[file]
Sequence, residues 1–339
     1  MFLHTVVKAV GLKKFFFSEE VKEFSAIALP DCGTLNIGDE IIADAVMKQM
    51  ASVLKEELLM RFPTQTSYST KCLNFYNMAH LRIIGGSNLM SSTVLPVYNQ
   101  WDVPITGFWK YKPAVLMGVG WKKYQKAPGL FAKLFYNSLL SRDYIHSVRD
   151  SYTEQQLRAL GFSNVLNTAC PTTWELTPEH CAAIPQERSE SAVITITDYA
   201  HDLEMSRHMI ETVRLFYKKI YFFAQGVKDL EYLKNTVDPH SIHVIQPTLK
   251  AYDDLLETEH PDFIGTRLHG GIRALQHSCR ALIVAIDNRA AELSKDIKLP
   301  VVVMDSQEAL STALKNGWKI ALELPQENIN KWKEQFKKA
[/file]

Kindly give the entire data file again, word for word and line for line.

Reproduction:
Sequence, residues 1–339
     1  MFLHTVVKAV GLKKFFFSEE VKEFSAIALP DCGTLNIGDE IIADAVMKQM
    51  ASVLKEELLM RFPTQTSYST KCLNFYNMAH LRIIGGSNLM SSTVLPVYNQ
   101  WDVPITGFWK YKPAVLMGVG WKKYQKAPGL FAKLFYNSLL SRDYIHSVRD
   151  SYTEQQLRAL GFSNVLNTAC PTTWELTPEH CAAIPQERSE SAVITITDYA
   201  HDLEMSRHMI ETVRLFYKKI YFFAQGVKDL EYLKNTVDPH SIHVIQPTLK
   251  AYDDLLETEH PDFIGTRLHG GIRALQHSCR ALIVAIDNRA AELSKDIKLP
   301  VVVMDSQEAL STALKNGWKI ALELPQENIN KWKEQFKKA